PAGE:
Open study

is now brainly

With Brainly you can:

  • Get homework help from millions of students and moderators
  • Learn how to solve problems with step-by-step explanations
  • Share your knowledge and earn points by helping other students
  • Learn anywhere, anytime with the Brainly app!

A community for students.

Is anyone familiar with Continued-Fractions approximation?

Mathematics
I got my questions answered at brainly.com in under 10 minutes. Go to brainly.com now for free help!
At vero eos et accusamus et iusto odio dignissimos ducimus qui blanditiis praesentium voluptatum deleniti atque corrupti quos dolores et quas molestias excepturi sint occaecati cupiditate non provident, similique sunt in culpa qui officia deserunt mollitia animi, id est laborum et dolorum fuga. Et harum quidem rerum facilis est et expedita distinctio. Nam libero tempore, cum soluta nobis est eligendi optio cumque nihil impedit quo minus id quod maxime placeat facere possimus, omnis voluptas assumenda est, omnis dolor repellendus. Itaque earum rerum hic tenetur a sapiente delectus, ut aut reiciendis voluptatibus maiores alias consequatur aut perferendis doloribus asperiores repellat.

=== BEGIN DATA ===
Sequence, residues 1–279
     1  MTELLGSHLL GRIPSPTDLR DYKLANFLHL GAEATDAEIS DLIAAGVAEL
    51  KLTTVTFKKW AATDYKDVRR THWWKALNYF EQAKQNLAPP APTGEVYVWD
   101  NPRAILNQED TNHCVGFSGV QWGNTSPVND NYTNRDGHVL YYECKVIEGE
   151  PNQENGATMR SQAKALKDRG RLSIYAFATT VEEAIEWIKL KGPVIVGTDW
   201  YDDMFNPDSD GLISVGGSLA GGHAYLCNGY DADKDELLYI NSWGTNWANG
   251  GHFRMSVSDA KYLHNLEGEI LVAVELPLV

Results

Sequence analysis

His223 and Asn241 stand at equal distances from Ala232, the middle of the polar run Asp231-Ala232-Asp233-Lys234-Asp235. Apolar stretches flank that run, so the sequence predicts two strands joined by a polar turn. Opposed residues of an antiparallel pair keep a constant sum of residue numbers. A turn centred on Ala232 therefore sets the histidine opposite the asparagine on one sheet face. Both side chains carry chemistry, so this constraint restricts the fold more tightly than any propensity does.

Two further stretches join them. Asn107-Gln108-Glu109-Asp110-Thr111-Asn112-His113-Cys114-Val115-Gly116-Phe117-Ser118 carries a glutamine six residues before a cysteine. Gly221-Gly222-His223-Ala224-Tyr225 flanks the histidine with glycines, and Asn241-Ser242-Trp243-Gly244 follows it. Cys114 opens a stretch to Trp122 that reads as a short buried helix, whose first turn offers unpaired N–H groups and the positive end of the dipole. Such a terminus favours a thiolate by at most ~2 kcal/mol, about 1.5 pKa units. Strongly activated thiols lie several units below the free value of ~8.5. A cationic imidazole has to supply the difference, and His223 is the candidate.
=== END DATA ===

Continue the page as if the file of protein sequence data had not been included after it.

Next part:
Get this expert

answer on brainly

SEE EXPERT ANSWER

Get your free account and access expert answers to this and thousands of other questions

$${x^2+3x+2 \over x^2-x+1}$$
Like I sooo dont follow the process although everyone seems to say that it is simple
continued fraction is simple, i spose this would follow its pattern

Not the answer you are looking for?

Search for more explanations.

Ask your own question

Other answers:

...if i could recall how to do a continued fraction that is. i seem to have had misremembered the simple details :)
\[\frac{5}{12}=\frac{1}{\cfrac{12}{5}}=\cfrac{1}{2+\cfrac25}=\cfrac{1}{2+\cfrac1{\cfrac52}}=\cfrac{1}{2+\cfrac1{2+\frac12}}\]stuff
This is something new, I think. A variant on polynomial division?
Right but how would u clean everything up in the end. Like the answer doesnt look like an escalator in my book
hmm, how does it look in your book?
I do think its a variation of polynomial division The answer is $$1+{4 \over x- \frac{5}{4}} +{ \frac{21}{16} \over x + \frac{1} {4}}$$
I guess it's poly division as opposed to the usual integer division. It's not that clear how u get rid of the escalator, though....
Oh, I see...it stops pretty quickly and then you just add up the terms. So 1 + 1 over (blah above) and actually flipping it over so to speak...

Not the answer you are looking for?

Search for more explanations.

Ask your own question